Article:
"The reality is that the harms associated with statins are tiny," said Collins, who emphasized that the harms should still be acknowledged and informed to patients, but along with their likelihood. "There have been problems of people believing the harms are common," he said.
Other studies have also stated that statins may increase the likelihood of a range of other conditions, including memory loss, cataracts, kidney injury, liver disease, sleep disturbance, aggression, suicidal behavioral, erectile disjunction and neuropathy, which the researchers stress would be extremely rare and that evidence for them is not sufficient.
"The best available scientific evidence tells us that statins are effective, safe drugs," said Liam Smeeth
, head of the Department of Non-Communicable Disease Epidemiology. "[They] have a crucial role in helping prevent cardiovascular disease, the leading cause of morbidity and mortality worldwide."
Other experts not involved in the study agree. "A series of high-quality clinical trials conducted over more than a quarter of a century and originating in multiple populations have consistently demonstrated reductions in cardiovascular death, and major complications in patients taking statins," said Robin Choudhury, professor of Cardiovascular Medicine, University of Oxford.
Statins are, however, typically prescribed to those at greater risk of developing heart disease and recommendations often made before this stage are lifestyle based: a healthier diet, regular exercise and reducing the amount of alcohol you drink and cigarettes you may smoke. Other drug options are also available, including the drug Repatha, approved last year
, which is prescribed on a more limited basis.
Understanding what's out there
"There are a lot of high-risk patients who are not taking statins," said Collins, who wants people to better understand the information available to them regarding these drugs.
The researchers highlight in the paper that studies based on observations within a population do not produce reliable evidence about the effects of drug treatments for common health conditions, such as heart disease, and cannot attribute the cause of any benefits or side-effects specifically to a drug.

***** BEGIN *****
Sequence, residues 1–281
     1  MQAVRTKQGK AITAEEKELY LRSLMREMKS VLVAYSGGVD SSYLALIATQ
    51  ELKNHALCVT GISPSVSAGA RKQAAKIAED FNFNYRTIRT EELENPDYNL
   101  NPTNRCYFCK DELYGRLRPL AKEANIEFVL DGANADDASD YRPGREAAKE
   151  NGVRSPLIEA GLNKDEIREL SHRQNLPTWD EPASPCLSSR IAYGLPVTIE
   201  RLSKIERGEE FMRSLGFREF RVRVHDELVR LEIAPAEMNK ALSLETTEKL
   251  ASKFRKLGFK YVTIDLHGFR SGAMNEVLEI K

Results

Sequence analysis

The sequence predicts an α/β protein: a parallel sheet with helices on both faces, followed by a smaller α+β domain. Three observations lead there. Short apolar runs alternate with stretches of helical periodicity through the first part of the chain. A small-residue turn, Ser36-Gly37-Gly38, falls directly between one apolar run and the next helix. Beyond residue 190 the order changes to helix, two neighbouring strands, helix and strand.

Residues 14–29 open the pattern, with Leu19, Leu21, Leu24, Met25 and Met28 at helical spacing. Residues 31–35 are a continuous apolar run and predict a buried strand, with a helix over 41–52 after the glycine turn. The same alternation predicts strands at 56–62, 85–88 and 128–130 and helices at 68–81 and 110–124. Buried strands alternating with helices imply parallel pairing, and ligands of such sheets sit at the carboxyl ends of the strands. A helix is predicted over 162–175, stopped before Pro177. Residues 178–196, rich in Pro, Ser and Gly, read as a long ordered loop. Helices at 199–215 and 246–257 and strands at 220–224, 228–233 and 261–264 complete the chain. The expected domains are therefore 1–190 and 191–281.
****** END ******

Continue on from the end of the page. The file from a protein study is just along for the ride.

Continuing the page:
They instead highlight the credibility of randomized controlled trials, which can directly link any benefits, or harms, to the drug being trialed. For such trials, the evidence on statins was seen to be overwhelmingly in favor of the treatment.
"[This study] is an unusually comprehensive document that explains not only the evidence derived from these studies but the rationale and relative merits for evaluating drugs," added Choudhury, who was not involved in the study. "Wrong decisions based on incomplete, misleading, or misguided interpretation of the data and the consequent confusion leads to the squandering of actual benefits to real patients."
"This is really serious stuff ... and anything you can do to prevent them really matters," said Smeeth. "The problem we have with statins is that misleading claims that are not supported by scientific evidence have really come to the fore ... and they're demonstrably wrong."
Collins added that the team wanted to make people know which evidence they should trust. "People should make informed choices," he said. "I hope this helps recreate some of the balance."